Tik Tok and the Online Panopticon02-13-2022
Tik Tok and the Online Panopticon
In January the internet was set ablaze with stories of a man nicknamed "West Elm Caleb." Caleb, who per his moniker works as a furniture designer for West Elm, did not seek fame but found it after a few young women who did not know eachother but experienced similar patterns of "love bombing" and "ghosting" by Caleb all made videos on Tik Tok detailing their experiences dating him. These viral Tik Toks describing this unpleasant if not uncommon modern dating behavior prompted a mass-improvisational investigation into Caleb, with calls for his firing, doxxing of his address, and even the deployment of his name by brands for viral marketing campaigns. Sasha Sloat writes for Wired about the ways that Tik Tok and algorithmic social media facilitates a state of group-play that can quickly devolve from creative collaborative exchange into events of mass social obsession with severe implications for individuals and our culture at large:
In the 2020 paper “TikTok and the ‘Algorithmized Self’” researchers argue the platform is different from other social networking sites (SNS) because it’s less about connecting with a network of friends and more “a site for public performance heavily built on intrapersonal engagement” while creating content for a trending algorithm. “While similarly egocentric and concerned with the performance and management of self-identity, TikTok rewrites the mechanisms of this process through a design that guides users in a different direction than other SNSs,” they write.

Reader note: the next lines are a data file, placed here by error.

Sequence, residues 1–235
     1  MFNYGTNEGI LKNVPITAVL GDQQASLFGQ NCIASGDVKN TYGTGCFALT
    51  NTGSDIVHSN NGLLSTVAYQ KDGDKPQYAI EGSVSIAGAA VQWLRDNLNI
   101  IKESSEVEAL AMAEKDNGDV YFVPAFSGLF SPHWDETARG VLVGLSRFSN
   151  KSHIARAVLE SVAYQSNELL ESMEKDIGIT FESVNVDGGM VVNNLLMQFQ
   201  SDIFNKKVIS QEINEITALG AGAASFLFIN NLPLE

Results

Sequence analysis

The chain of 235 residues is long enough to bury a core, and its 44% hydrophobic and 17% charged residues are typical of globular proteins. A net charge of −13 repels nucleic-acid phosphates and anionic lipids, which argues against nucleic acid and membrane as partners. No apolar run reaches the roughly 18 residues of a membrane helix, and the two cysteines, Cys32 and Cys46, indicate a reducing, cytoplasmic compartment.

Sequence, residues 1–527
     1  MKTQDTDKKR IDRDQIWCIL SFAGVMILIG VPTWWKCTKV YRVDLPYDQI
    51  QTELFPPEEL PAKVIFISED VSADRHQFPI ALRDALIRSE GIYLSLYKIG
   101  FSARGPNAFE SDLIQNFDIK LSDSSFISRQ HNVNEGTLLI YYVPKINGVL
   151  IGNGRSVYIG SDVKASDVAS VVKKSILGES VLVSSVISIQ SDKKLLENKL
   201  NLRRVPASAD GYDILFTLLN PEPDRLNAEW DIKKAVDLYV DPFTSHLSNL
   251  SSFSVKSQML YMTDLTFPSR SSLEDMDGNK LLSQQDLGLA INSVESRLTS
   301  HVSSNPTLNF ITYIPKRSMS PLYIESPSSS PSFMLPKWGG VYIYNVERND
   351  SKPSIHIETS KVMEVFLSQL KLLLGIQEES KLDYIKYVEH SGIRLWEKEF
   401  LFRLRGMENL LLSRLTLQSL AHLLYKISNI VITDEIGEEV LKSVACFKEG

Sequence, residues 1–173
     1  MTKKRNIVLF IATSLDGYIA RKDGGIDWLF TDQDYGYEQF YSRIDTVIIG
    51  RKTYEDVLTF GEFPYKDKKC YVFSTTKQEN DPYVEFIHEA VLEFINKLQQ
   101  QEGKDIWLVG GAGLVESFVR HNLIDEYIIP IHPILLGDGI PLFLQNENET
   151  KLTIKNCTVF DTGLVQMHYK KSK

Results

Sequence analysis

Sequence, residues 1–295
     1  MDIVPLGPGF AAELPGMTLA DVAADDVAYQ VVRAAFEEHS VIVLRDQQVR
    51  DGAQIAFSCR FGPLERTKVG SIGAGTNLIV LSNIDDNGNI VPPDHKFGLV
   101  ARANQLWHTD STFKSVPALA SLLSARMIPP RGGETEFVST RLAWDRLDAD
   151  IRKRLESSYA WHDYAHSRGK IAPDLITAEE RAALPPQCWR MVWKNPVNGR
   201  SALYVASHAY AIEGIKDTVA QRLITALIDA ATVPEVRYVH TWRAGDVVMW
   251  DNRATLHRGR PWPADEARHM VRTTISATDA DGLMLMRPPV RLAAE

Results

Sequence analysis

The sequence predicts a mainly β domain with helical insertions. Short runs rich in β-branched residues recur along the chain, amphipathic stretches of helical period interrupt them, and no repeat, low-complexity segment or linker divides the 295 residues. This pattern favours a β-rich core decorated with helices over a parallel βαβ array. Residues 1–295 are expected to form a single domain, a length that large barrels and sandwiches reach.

As one of the first posters of West Elm Caleb put it, “if you leave it up to the TikTok gods” you are actively participating in a system that supports mass participation and interpretation. The intimacy groomed through phrases like “it’s story time,” “bestie,” and “let’s get into it” is false. You’re providing material for a remix, even if that material is the personal details of your, or another’s, life. If you post, there’s the possibility—even inevitably—of mass participation.This can be really fun, and it can also damage an individual. There’s a saying that every day there is one main character on the internet. The goal is to not become this person. Before he was West Elm Caleb this person was Caleb, someone who was seemingly a dick when it came to dating, but also whose photo is now spread without his consent and whose workplace is now barraged by mentions of the whole debacle. In the digital sandbox, you play—playing with the material, playing detective, playing the Paul Revere of the New York dating scene. On Thursday, an ex of West Elm Caleb posted her own TikTok, criticizing how far people are taking the situation and saying “you need to remember that there are actually human beings behind your screen.” But TikTok is designed to capitalize on your attention, to entertain. This means transforming the real to the unreal at the pace the crowd demands and turning the private into performance.